Refusing Movement/S: Reflections on the “Intra-Actions” of Current Social Movements and Art

Anybody who stands still in a forward-moving crowd is just as big a hindrance as if he moved against the crowd. (Robespierre in Büchner’s Danton’s Death)


On 17 June 2013, the very day the Turkish government prohibited demonstrations in Istanbul in reaction to the occupation of Gezi Park, Erdem Gündez, a Turkish artist and activist, became, what is now known as one of the most prominent “figures” of the Gezi Park movement, namely the “standing man.” Simply standing in the middle of Taksim square, facing the Atatürk Cultural Centre, not moving, not shouting, not doing anything but standing there for hours. At first his presence went unnoticed, but after some time more and more people not only were interested but also joined Gündez until the police banished them from the square and arrested a number of people. The “standing man” was a performance as well as a political act, criticising the prohibition of demonstrations, demonstrating without actually “demonstrating” in a classical way. Similar to Bartleby’s “I would prefer not to” the “standing man” refuses to move. Sharing a similar immobility with many characters in Beckett’s work, the standing man also creates a territory, changing the space around him; “in their trash can or on their bench, Beckett’s characters stake out a territory” (Deleuze and Guattari 1987, 503). Like a standing wave or a wheel that turns so fast it looks as though it does not turn at all, the “standing man” is characterised by intensity and not by speed or extensity.

The activists squatting public squares do something very similar. In building tents, in actually living on the square, they don’t follow the rules set by the government; they don’t behave as they are told to. They are not passengers, passing the street; rather, they stand still and therefore block traffic and disturb the public policy, thereby staking out a territory. Again their actions are not characterised by speed but rather by intensity, as showcased by a slogan the Spanish 15M movement created: “We’re going slow, because we’re going far.” Modifying this slogan one could propose: we’re refusing movement, because we are a movement.

In the first part of my paper I will discuss the “standing man” and other artistic projects and their manifold “intra-actions” (Barad and Kleinmann 2012) with social movements. Drawing on these artistic practices as processes of intensity—a resisting and at the same time creative force—I will argue against current popular theories of acceleration, which promote speed over intensity. In the second part I want to explore the shared processes of “fabulation” in the “intra-actions” of political art and political practices and to what degree these fabulations are nonutopian attempts to constitute what Deleuze calls “the people to come.”

Creating not only new modes of thinking but also new modes of acting politically, art plays an important role in current social movements and the creation of new strategies of protest. As Deleuze states in the famous interview with Toni Negri: “Art is resistance.”


Barad, Karen, and Adam Kleinmann. 2012. “Intra-actions”. Karen Barad interviewed by Adam Kleinmann. Mousse 34: An issue about dOCUMENTA 13, 9 June: 76–81. Also available at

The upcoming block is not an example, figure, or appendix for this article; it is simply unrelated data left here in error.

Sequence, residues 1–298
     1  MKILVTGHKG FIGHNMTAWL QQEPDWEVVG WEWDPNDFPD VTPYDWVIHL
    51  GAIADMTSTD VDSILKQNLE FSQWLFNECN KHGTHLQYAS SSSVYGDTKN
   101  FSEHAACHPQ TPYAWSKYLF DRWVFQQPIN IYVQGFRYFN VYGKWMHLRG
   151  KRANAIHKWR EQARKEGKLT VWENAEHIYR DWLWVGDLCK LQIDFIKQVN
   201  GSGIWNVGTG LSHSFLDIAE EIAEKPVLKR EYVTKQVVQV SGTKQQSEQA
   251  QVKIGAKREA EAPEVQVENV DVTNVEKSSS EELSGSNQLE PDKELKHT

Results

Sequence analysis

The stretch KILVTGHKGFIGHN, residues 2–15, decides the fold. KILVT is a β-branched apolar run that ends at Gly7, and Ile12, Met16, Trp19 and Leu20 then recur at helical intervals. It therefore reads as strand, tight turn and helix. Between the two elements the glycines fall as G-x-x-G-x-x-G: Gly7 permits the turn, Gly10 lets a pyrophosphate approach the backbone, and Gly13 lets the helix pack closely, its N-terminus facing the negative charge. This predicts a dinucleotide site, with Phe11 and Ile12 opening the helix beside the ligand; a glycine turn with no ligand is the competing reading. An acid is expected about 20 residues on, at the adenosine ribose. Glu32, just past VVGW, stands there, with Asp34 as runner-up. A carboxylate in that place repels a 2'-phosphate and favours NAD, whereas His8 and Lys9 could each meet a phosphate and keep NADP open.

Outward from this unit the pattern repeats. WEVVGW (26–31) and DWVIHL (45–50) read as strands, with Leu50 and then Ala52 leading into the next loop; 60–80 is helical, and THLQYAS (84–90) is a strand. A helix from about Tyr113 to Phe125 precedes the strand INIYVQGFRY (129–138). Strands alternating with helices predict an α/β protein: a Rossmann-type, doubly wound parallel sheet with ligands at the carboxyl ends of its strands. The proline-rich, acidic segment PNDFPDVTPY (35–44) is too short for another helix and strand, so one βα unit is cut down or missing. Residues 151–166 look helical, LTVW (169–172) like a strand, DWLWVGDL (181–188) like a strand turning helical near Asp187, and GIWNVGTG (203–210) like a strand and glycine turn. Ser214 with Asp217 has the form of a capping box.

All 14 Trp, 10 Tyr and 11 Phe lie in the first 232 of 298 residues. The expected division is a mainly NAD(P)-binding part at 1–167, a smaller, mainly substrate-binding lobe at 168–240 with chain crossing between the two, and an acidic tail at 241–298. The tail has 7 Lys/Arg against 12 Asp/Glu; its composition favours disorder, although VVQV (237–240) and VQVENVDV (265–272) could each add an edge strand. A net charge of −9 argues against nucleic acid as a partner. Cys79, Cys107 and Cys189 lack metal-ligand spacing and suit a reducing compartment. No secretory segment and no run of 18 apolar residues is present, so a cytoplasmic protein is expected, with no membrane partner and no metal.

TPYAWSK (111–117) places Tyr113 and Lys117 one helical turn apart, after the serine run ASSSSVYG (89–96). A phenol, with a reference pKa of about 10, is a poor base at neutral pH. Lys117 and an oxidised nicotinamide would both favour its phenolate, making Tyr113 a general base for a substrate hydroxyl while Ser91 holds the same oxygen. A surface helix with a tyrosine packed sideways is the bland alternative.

Deleuze, Gilles, and Félix Guattari. 1987. A Thousand Plateaus: Capitalism and Schizophrenia. Translated by Brian Massumi. Minneapolis: University of Minnesota Press.

Artistic Research, the University, and the Trajectory of a Deleuzian Motif

This presentation seeks to problematise a certain appropriation of Deleuzian devices within the rhetorical field of artistic research, with particular reference to the reinstatement of “Art” the renewed attention to the specificity of the aesthetic, and an associated metaphorics of exceptionalism, revolt, resistance, refusal, and flight. This problematisation is not proposed as an act of delegitimation with respect to a given “reading” of Deleuze, but rather as an intervention into the field of operations across art-philosophy. In the wake of the perceived failure of institutional critique and the politics of representation in artistic research programmes, the paper asks, What are the critical alternatives to bourgeois revolt and aesthetic exceptionalism for artistic research conducted within the precincts of the contemporary university? What might the turn to Deleuze offer in this regard?

Beside the Point: Where the In-Act of Activism Lurks

Thunderbolts explode between different intensities, but they are preceded by an invisible, imperceptible dark precursor, which determines their path in advance but in reverse, as though intagliated.
Gilles Deleuze, Difference and Repetition, London and New York: Continuum, 1994, 119.

The problem is determined by singular points which correspond to series, but the question, by an aleatory point which corresponds to an empty square on the mobile element.
Gilles Deleuze, The Logic of Sense. New York: Columbia University Press, 1990, 56.

The possible implies becoming—the passage from one to the other takes place in the infra-thin.
Marcel Duchamp, Notes. Edited and translated by Paul Matisse. Boston: G. K. Hall, 1983, 22.

In this paper, I will explore the force of seriality of the “infrathin,” a concept brought forth by Marcel Duchamp, in light of the notions of both the dark precursor and the aleatory point. Considering the complex durations at the heart of activist practice (from the emergency of the moment to the deadlock of burnout and depression), I will inquire into the ways in which an ethico-aesthetic practice can reorient the thought of the political at the heart of the act.